Timex Ironman Move x20 and Timex Ironman Run x20 GPS Review: Need Improvement

Timex Ironman Move x20 and Timex Ironman Run x20 GPS Review: Need Improvement

Just as tech companies have started making watches, watch companies are now bringing tech products to market. Timex is among the first watch brands to launch an activity tracker in India. The Ironman Move x20 is Timex's first activity tracker. Timex has a long list of fitness-oriented watches under the Ironman brand name, and it also launched the Ironman Run x20 GPS recently in India.

Fitness products are arriving thick and fast these days, which suggests that these companies see a big market in India. Timex's two new products appealed to us as we take our health and fitness seriously. We used them both for a week to see how useful they are. Here is what we thought.

Timex Ironman Move x20
The Ironman Move x20 activity tracker is fairly light and well-built. We didn't notice any scuff marks or other signs of wear after using it for a week. Its buckle snaps securely and not once did we feel that the activity tracker would fall off.

Wearing the Ironman Move x20 was a comfortable experience until we began perspiring, after which the device started irritating our skin and we had to take it off. The activity tracker's two metal charging points were the culprits. Some people's skins are sensitive to metal and so you might not face the same problem.


The Ironman Move x20 has one button above its display and one below. The screen is turned off by default to reduce battery consumption. The rubber buttons work reliably but the UI on the Move x20 could use improvement. For instance, you have to tap a button thrice every time you just want to check the distance you've covered. This gets tiring very fast.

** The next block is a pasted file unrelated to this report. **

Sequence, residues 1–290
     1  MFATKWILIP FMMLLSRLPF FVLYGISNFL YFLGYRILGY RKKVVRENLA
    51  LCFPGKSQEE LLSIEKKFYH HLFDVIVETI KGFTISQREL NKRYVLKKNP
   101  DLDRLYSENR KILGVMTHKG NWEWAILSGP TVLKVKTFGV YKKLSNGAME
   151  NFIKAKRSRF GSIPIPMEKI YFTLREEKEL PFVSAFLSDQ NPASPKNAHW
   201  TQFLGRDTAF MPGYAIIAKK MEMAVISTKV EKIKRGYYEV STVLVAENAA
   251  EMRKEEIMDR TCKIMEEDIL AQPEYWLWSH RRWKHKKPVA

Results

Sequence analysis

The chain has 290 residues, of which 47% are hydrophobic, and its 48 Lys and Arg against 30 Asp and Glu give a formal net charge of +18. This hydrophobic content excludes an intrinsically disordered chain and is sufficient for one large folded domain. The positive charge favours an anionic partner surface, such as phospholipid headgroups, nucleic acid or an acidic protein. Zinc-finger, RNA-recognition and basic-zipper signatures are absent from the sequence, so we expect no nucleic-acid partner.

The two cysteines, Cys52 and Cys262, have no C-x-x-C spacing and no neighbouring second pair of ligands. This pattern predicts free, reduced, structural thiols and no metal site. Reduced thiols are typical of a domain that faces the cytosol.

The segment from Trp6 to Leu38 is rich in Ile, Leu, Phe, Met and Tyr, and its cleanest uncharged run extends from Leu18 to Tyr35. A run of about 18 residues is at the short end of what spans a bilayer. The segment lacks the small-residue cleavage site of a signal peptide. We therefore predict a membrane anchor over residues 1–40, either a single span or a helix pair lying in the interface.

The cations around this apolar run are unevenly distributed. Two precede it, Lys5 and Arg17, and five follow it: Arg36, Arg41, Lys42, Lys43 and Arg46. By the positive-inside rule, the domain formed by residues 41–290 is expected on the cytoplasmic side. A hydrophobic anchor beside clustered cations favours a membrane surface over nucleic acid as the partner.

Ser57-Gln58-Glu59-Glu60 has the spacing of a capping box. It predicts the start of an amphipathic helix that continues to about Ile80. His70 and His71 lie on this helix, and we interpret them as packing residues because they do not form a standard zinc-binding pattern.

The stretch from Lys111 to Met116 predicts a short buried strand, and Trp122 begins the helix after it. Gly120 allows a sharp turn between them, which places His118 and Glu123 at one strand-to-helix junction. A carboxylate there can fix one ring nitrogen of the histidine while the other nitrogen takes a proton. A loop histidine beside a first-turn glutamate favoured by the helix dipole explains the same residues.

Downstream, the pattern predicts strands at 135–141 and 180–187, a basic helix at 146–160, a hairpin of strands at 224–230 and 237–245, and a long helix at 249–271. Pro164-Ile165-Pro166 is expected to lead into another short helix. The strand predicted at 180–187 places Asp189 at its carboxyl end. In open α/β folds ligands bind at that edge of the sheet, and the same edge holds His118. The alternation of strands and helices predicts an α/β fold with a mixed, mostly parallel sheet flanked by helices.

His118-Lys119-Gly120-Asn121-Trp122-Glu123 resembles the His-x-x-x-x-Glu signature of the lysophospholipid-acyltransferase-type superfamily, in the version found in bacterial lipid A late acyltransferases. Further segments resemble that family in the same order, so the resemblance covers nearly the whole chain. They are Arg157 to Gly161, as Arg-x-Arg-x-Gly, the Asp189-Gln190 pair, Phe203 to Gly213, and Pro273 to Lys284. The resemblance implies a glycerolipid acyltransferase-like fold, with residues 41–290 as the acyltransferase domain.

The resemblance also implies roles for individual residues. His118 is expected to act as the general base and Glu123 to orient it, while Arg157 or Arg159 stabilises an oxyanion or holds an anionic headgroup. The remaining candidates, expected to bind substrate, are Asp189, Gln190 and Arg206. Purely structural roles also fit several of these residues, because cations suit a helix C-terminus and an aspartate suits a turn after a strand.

You'll need to download the Timex Ironman Move x20 app for Android or iOS to use this wearable. The app shows records of your activity and sleep, and is used to change settings such as daily goals, workout intervals and units. The app's design leaves a lot to be desired but once you've set it up, you won't need to fiddle with it much.

Over the course of a week, we found that the Ironman Move x20 was reasonably accurate. As with any fitness product that you wear on your wrist, activity data will differ when compared with that on your smartphone (that's mostly in your trouser pocket). We noticed that the activity tracker's step counter showed around 200-400 steps more per day than our iPhone 5s, which is acceptable.

The problem with Timex Ironman Move x20 is that its core functions rely on manual input. It doesn't track your sleep or workouts automatically; you need to manually activate each function when needed, which is a major problem for an activity tracker that costs almost Rs. 9,000. You can set sleep and wakeup times in the app for automatic sleep tracking, but few people stick to such a rigid schedule every night, so this isn't a great solution.


A better app would have used the data logged by the activity tracker to track both your sleep and workout data automatically. It also lacks HealthKit integration on iOS, which is another missed opportunity for Timex.

When you pair the device with your smartphone, it notifies you about incoming texts and calls. This feature is useful but it would have been nice to also get alerts from apps such as WhatsApp as well.

The Timex Ironman Move x20 comes with an unusual charger. It has a strap that you wrap around the device to ensure that it stays in place. We were impressed with its battery life; we charged it once when we began using it and the battery was down to 10 percent at the end of the week.